Cavernous Sinus Thrombosis due to Streptococcus mitis and Staphylococcus lugdunensis Cavernous Sinus Thrombosis (CST) is a rare, life-threatening condition that may result from the direct spread of infection from the nose, ears, teeth or sinuses. It is most commonly caused by Staphylococcus aureus and Streptococcus sp. We present a case of CST caused by Strepotococcus mitis and Staphylococcus lugdunensis. Early surgical intervention with aggressive medical management is needed as the syndrome

2016 Journal of clinical and diagnostic research : JCDR

75. Ten Triangles around Cavernous Sinus for Surgical Approach, Described by Schematic Diagram and Three Dimensional Models with the Sectioned Images Full Text available with Trip Pro

Ten Triangles around Cavernous Sinus for Surgical Approach, Described by Schematic Diagram and Three Dimensional Models with the Sectioned Images For the surgical approach to lesions around the cavernous sinus (CS), triangular spaces around CS have been devised. However, educational materials for learning the triangles were insufficient. The purpose of this study is to present educational materials about the triangles, consisting of a schematic diagram and 3-dimensional (3D) models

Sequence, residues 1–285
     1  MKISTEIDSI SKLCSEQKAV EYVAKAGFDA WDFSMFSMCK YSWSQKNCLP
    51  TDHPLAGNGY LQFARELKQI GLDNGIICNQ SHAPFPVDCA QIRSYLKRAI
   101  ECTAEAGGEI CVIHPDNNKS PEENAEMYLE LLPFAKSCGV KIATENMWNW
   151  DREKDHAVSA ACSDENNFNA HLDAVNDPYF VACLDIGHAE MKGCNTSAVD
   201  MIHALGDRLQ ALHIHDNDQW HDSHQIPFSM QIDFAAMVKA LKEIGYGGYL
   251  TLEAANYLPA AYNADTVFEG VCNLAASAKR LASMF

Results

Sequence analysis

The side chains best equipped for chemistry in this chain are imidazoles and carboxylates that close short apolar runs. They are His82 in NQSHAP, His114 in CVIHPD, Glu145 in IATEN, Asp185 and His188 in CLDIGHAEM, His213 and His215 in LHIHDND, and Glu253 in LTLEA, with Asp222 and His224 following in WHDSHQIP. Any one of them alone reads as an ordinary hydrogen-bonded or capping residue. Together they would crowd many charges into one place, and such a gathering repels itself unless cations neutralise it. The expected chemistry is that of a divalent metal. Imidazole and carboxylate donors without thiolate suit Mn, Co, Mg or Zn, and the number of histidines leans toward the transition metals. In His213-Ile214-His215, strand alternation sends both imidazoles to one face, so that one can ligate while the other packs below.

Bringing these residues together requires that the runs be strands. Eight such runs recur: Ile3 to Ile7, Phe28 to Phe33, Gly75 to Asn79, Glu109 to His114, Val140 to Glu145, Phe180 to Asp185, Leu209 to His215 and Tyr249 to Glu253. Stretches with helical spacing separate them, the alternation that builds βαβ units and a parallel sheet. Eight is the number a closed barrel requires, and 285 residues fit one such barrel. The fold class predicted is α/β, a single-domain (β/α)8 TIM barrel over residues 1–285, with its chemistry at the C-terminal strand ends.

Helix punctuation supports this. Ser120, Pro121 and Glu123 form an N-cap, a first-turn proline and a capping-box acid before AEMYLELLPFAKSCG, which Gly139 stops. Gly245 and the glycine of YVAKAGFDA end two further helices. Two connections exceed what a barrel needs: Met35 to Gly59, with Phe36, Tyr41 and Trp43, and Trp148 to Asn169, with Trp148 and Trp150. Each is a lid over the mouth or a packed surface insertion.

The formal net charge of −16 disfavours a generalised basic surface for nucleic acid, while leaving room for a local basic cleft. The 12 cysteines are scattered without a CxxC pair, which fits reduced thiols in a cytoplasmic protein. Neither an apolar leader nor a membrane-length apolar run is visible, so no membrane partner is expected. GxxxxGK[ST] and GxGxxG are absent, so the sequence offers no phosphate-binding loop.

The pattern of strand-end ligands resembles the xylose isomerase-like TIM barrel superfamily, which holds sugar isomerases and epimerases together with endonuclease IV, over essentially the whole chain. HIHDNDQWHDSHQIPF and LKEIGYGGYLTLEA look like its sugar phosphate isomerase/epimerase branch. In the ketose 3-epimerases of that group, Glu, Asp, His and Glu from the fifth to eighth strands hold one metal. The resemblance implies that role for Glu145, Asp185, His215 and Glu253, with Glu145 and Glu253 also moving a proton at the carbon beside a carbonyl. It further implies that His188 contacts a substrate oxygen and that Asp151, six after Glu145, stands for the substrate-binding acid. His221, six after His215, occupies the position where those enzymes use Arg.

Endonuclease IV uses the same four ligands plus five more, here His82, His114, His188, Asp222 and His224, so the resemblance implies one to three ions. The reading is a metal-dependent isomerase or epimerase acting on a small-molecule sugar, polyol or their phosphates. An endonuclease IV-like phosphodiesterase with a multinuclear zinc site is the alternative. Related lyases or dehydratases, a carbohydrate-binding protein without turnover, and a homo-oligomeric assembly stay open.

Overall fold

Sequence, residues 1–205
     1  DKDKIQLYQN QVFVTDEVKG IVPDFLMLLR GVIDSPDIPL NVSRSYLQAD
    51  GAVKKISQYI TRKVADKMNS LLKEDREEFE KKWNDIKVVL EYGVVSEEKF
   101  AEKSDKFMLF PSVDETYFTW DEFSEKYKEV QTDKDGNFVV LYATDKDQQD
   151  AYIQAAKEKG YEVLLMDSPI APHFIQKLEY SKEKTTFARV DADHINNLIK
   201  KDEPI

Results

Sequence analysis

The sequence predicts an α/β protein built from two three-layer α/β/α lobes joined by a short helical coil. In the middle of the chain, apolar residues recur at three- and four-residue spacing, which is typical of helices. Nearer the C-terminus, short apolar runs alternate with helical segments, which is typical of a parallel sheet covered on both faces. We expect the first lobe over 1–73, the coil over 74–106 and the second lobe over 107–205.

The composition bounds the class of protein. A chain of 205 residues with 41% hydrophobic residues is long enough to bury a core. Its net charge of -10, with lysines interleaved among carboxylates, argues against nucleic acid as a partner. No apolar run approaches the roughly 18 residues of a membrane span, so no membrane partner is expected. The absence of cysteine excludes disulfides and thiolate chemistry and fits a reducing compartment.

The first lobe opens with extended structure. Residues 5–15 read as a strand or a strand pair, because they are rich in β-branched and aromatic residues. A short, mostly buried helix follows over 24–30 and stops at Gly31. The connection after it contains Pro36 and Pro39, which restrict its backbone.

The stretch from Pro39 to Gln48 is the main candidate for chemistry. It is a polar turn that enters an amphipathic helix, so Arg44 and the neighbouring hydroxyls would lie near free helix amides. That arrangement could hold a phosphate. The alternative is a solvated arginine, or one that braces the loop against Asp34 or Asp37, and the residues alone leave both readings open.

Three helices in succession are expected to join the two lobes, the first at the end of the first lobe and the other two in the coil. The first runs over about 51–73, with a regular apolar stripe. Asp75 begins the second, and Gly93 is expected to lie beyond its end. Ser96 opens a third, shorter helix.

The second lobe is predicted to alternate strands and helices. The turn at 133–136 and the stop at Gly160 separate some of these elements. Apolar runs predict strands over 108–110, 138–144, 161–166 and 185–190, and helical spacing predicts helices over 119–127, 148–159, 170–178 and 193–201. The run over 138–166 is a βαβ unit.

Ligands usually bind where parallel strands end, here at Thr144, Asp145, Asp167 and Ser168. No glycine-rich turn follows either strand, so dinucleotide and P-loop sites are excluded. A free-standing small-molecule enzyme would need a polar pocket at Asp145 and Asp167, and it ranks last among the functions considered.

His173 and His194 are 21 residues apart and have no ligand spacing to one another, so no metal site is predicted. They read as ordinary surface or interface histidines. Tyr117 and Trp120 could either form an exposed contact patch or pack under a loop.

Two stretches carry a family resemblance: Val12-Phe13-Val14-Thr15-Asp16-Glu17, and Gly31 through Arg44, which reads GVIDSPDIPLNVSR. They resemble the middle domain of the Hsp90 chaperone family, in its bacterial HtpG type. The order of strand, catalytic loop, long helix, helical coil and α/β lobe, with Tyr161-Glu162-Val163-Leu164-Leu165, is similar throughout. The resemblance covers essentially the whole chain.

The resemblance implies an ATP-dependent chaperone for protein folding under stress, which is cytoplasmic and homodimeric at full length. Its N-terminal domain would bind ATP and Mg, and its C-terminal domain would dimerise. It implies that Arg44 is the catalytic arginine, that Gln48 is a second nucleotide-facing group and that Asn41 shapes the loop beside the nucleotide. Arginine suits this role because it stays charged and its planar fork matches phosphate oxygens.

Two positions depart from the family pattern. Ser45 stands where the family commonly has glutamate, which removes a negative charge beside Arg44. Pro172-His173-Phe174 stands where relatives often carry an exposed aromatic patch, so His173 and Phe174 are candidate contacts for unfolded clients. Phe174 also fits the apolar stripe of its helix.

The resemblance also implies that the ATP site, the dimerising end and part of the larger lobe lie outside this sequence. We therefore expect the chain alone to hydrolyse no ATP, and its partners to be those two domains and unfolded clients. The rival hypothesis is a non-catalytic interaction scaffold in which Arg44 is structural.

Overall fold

2016 Journal of Korean medical science

76. Surgical Approach to the Cavernous Sinus for a Trigeminal Schwannoma Resection: Technical Note and Case Report Full Text available with Trip Pro

Surgical Approach to the Cavernous Sinus for a Trigeminal Schwannoma Resection: Technical Note and Case Report We report a rare case of schwannoma of the lateral wall of the cavernous sinus, an exceedingly rare lesion affecting this anatomical district, and discuss salient aspects of the surgical approach to the cavernous sinus, which are traditionally considered technically challenging due to the high risk of postoperative morbidity and mortality related to the presence of the cranial nerves